Traditionally grown by native tribes in South Florida, the Seminole pumpkin remains one of the tastiest and most reliable pumpkins for Florida gardens.
It takes the summer heat and humidity in stride, and it's relatively pest- and disease-free. The fruits are often round and buff-colored, and the orange flesh tastes like butternut squash, but sweeter.
Plant seeds in the summer in North and Central Florida or in the fall in South Florida. The vines can grow up to 25 feet, so give them room to spread. The Seminole Indians planted them below trees that served as natural trellises, but planting yours in full sun would be better.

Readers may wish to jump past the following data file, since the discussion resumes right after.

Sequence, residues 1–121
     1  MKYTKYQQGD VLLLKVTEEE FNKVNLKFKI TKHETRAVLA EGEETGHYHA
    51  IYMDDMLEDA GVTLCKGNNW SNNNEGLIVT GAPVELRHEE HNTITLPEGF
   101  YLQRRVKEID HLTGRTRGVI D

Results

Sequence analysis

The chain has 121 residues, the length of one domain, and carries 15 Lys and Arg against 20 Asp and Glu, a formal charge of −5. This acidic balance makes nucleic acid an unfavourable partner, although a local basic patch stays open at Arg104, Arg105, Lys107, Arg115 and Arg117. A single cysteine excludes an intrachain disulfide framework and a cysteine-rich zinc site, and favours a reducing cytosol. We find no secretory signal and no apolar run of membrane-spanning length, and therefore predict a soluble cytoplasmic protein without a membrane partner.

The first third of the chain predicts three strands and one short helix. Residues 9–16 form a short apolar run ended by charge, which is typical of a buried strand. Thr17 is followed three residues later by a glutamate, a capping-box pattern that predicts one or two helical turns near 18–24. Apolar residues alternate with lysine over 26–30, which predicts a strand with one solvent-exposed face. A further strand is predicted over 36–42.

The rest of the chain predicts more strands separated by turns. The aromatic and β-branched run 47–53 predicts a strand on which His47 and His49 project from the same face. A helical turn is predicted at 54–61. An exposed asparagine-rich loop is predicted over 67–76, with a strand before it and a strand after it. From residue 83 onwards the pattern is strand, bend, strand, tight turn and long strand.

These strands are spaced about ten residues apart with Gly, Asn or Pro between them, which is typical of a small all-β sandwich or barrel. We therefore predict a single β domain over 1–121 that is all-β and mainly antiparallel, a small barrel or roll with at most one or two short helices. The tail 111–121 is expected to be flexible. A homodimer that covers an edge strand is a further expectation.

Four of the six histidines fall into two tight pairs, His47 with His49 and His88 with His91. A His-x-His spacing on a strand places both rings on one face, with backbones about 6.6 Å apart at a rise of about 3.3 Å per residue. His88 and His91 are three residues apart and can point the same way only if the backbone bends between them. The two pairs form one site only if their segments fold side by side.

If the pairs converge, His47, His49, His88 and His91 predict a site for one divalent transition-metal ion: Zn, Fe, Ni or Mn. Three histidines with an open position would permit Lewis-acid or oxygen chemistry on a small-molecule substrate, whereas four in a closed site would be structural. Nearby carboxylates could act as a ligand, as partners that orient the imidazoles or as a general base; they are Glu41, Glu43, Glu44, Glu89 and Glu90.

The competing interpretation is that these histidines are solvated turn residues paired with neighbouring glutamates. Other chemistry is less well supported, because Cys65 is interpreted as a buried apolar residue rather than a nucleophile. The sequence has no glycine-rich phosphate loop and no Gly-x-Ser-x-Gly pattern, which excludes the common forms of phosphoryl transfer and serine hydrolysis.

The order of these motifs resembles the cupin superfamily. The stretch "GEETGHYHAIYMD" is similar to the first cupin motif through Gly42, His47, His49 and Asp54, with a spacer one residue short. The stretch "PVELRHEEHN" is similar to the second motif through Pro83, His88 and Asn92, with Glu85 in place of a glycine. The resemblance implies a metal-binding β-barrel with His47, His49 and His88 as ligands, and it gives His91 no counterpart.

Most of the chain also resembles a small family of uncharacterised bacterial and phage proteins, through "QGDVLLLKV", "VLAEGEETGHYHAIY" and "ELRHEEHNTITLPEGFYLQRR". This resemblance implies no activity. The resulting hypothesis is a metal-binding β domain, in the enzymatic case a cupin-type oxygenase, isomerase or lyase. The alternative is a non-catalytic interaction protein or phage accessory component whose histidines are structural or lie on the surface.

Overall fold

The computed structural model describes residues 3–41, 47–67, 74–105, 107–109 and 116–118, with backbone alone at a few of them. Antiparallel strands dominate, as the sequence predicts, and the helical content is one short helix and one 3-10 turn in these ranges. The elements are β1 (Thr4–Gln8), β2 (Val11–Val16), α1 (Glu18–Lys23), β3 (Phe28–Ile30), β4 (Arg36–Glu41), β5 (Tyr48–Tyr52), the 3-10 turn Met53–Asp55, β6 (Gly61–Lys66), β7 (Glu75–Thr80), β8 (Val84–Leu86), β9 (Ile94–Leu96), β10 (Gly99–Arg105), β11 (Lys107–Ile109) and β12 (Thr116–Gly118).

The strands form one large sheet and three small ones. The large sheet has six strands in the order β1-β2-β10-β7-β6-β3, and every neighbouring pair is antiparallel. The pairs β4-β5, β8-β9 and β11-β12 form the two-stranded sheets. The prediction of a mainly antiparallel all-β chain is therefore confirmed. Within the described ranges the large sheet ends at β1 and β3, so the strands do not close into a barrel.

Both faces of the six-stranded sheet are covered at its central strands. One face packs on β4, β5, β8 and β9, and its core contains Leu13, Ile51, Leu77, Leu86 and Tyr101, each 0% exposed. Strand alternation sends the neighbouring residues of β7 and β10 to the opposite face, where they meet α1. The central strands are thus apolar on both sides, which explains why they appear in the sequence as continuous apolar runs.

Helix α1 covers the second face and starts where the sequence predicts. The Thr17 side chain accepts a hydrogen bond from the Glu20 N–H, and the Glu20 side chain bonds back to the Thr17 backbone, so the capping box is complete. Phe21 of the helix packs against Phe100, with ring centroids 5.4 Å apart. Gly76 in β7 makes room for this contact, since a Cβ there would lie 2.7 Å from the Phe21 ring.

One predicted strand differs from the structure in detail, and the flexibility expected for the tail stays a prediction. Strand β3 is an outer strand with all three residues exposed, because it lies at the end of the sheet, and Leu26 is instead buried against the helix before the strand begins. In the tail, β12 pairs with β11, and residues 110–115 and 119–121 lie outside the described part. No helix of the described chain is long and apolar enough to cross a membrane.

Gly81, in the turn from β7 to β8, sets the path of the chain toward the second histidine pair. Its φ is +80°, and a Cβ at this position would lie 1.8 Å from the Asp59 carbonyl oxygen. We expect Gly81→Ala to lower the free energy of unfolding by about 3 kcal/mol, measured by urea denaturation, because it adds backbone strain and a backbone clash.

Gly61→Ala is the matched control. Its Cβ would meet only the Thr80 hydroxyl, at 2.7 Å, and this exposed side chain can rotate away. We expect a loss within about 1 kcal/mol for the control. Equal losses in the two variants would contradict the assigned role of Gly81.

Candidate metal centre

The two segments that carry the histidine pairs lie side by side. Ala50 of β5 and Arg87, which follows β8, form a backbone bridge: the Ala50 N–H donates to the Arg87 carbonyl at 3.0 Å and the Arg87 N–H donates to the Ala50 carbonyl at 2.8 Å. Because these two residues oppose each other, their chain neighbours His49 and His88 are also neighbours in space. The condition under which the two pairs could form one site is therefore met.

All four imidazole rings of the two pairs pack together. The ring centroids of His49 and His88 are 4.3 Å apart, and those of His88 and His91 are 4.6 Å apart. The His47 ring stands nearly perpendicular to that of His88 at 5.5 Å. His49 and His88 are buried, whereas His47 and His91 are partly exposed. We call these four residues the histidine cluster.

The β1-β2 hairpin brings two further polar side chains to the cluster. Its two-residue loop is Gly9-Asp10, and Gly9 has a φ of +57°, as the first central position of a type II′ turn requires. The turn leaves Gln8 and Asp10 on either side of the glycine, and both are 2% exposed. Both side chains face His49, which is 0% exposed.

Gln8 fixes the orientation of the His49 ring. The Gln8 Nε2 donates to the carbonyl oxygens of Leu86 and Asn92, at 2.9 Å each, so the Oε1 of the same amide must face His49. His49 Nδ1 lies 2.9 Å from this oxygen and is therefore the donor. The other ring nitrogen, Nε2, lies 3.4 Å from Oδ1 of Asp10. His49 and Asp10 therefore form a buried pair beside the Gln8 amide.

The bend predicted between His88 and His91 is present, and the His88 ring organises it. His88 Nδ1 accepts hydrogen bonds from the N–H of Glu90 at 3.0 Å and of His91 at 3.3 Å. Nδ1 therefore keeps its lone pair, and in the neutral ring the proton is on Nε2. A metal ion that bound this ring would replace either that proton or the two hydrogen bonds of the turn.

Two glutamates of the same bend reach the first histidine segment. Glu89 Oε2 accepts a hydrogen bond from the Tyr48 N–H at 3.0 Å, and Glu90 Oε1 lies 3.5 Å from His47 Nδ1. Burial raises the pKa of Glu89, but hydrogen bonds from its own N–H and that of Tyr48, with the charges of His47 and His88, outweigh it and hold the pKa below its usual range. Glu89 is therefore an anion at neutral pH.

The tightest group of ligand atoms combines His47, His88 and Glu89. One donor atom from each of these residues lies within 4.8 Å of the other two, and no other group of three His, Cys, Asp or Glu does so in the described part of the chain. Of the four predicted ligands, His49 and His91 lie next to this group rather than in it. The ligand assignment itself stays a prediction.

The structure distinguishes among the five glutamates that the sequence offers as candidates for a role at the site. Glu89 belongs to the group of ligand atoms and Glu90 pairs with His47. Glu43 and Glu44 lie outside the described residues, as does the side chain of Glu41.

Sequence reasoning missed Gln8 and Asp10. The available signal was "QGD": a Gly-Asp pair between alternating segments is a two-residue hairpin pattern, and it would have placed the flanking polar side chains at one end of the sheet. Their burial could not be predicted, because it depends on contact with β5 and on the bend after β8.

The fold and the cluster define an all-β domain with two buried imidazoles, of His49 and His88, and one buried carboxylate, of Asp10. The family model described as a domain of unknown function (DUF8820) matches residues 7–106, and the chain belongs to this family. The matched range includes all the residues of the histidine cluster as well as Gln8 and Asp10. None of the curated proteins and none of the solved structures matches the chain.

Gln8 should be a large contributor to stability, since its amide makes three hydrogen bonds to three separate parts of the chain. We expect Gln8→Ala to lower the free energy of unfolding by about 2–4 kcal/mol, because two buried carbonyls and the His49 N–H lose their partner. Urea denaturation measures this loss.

Harvest your pumpkins in 120 to 150 days, and store them in a cool dry place for up to a year.
- Calabaza — Cucurbita moschata Duch. ex Lam. (Tropical pumpkin, Seminole pumpkin, Cuban pumpkin)
- Five Heirloom Vegetables You Should Grow (PDF)